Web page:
Setting aside the debate about the relative importance of debt-to-income or assets, or debt service, a government deficit adds to private-sector incomes (relative to debt or debt service) whereas a government surplus has the opposite effect. The most intuitive way to show this is through the sector financial balances. This becomes clear if you listen to Hatzius explain why he thinks sector-balance analysis can send a signal when the private sector’s financial positions are becoming overly fragile. And because it’s nothing more than accounting, it also tells us that the crowding-out story is 100 percent wrong — a government deficit raises private sector incomes; it doesn’t crowd out private finance.
NS: Putting aside the argument over financial crowding out, I still don’t see the relevance of all this. Let’s think in terms of real resources — not dollars, surpluses and deficits, but cars, pizzas, hours of labor. It seems clear to me that unless we have unused resources in the economy — idle workers and idle factories — that a government deficit can’t increase real output. At the end of the day, real output is what we care about — you can’t eat dollars, but you can eat pizzas. And if the U.S. economy is indeed nearing full employment, it means that there aren’t many unused resources lying around — and hence, the real benefit from deficits seems low. This is just standard Keynesian economics.
As for the financing side of things, the reason government debt matters is because of how government finances its borrowing. If it uses tax financing — including future tax financing — that can hamper the economy. If it uses monetary financing — getting the central bank to print money to finance the Treasury’s deficits — that could at some point explode into uncontrollable inflation. What do you have to say to those worries?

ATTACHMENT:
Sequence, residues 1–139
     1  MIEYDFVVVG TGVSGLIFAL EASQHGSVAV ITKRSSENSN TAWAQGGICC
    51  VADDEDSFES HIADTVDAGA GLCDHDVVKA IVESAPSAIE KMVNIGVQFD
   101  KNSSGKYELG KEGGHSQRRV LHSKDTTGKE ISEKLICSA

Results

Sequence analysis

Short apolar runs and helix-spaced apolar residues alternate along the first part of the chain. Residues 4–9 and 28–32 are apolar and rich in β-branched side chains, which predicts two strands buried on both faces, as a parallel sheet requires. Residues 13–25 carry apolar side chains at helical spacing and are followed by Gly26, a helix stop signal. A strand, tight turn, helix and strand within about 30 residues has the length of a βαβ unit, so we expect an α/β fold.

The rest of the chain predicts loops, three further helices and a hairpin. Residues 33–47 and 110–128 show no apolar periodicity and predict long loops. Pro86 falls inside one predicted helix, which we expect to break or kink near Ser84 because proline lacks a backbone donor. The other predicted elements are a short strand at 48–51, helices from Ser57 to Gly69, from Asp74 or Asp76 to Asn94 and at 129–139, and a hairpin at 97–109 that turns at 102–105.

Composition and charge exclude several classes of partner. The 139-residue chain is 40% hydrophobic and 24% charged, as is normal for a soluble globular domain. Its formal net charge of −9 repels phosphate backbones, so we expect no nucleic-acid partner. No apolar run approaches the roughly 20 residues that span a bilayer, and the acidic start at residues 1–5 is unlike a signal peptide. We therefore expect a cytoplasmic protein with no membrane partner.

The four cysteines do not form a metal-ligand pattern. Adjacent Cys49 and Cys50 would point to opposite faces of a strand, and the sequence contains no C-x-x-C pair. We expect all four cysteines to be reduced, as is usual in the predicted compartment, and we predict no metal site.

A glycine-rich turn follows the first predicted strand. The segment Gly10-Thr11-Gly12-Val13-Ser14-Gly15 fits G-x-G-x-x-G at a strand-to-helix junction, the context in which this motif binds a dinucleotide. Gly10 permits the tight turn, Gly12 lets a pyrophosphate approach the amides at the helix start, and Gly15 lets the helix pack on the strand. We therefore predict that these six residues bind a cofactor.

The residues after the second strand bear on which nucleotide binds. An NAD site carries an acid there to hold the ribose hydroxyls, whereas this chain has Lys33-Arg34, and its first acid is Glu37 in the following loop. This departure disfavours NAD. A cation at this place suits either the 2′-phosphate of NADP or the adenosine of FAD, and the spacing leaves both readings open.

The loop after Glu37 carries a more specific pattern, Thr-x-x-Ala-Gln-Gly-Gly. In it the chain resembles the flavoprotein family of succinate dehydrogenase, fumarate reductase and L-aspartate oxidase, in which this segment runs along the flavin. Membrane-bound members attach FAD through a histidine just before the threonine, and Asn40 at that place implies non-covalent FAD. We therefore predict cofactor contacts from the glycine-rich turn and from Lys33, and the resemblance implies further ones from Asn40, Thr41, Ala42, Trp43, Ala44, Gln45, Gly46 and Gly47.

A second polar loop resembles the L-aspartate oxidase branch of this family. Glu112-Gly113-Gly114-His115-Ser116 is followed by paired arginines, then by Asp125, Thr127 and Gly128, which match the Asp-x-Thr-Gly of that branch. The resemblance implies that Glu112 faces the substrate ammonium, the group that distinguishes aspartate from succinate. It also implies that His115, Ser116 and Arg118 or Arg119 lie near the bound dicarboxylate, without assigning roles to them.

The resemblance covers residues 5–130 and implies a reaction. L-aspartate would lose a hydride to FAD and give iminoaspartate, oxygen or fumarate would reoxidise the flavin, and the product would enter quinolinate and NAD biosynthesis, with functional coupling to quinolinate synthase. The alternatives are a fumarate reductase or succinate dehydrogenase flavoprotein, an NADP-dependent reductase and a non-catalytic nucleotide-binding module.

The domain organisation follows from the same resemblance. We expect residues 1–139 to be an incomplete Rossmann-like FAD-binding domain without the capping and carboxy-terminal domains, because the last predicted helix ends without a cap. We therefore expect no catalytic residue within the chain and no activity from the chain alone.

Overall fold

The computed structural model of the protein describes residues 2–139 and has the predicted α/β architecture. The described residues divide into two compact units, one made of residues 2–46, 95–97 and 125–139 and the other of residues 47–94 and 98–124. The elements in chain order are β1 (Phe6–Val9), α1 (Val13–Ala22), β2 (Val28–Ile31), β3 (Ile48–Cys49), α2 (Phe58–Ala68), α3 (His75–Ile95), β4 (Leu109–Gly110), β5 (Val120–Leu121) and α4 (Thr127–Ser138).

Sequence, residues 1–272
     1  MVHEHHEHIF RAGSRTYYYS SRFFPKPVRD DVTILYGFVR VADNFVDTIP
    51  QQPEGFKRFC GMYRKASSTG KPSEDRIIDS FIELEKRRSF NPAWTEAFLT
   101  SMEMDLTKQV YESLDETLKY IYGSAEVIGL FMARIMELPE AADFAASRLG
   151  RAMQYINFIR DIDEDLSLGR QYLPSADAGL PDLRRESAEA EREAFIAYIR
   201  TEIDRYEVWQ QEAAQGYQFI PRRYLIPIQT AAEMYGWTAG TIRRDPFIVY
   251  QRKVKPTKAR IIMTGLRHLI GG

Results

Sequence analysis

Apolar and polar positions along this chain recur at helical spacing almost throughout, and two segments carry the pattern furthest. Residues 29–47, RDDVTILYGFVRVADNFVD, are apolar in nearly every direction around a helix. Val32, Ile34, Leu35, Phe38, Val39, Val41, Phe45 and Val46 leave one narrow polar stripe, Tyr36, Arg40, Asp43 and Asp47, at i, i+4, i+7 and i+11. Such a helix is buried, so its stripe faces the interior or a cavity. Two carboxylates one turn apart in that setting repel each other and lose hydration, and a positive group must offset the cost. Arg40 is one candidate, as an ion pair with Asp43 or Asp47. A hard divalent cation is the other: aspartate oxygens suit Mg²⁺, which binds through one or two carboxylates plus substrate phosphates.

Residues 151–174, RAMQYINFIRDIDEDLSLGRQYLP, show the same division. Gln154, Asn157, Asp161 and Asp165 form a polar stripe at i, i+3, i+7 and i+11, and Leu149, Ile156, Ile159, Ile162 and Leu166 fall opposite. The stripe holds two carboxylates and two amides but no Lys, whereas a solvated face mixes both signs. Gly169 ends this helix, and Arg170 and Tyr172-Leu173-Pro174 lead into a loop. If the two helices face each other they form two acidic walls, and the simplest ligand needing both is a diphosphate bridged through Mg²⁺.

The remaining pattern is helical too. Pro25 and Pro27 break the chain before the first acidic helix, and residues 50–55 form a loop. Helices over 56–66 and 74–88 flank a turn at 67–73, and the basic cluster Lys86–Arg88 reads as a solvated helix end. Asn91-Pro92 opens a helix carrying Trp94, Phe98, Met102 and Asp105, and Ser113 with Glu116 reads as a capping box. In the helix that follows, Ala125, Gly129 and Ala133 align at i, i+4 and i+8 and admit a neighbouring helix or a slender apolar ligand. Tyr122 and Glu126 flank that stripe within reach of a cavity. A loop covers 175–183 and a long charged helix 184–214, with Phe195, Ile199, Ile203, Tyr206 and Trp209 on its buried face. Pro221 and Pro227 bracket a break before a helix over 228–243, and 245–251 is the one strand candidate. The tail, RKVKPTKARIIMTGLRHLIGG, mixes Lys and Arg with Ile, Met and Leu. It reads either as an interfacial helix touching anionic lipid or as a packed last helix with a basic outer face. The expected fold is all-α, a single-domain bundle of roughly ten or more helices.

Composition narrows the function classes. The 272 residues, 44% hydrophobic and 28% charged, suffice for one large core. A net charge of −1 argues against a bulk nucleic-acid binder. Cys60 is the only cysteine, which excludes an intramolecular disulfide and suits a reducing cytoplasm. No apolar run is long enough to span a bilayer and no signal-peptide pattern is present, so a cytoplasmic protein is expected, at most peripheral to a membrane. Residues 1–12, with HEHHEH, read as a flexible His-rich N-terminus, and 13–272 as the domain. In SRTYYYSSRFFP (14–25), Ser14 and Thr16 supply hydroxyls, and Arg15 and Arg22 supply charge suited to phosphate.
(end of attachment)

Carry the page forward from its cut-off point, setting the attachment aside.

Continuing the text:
SK: This actually isn’t right. If the government were to finance itself by so-called money printing, that would mean either (a) the government runs an overdraft at the Federal Reserve, or (b) the Fed buys the government’s bonds, which leaves reserve balances in the Fed accounts of private banks instead. But, for the Fed to achieve a positive interest-rate target, it would have to pay interest on reserve balances at its target rate. In other words, printing money simply means that overnight central bank liabilities earning the central bank’s target rate replace, say, three-month government liabilities earning roughly the central bank’s target rate. And if the Fed doesn’t pay interest on these reserve balances, then that simply means it wants its target rate at zero. Overall, there’s little difference in terms of macroeconomic impact whether the government sells its securities or prints money because the latter isn’t actually a thing in the real world. And while this is something MMT has been saying for 20 years, it’s basically what Narayana Kocherlakota, former president of the Federal Reserve Bank of Minneapolis, said a few years ago, too.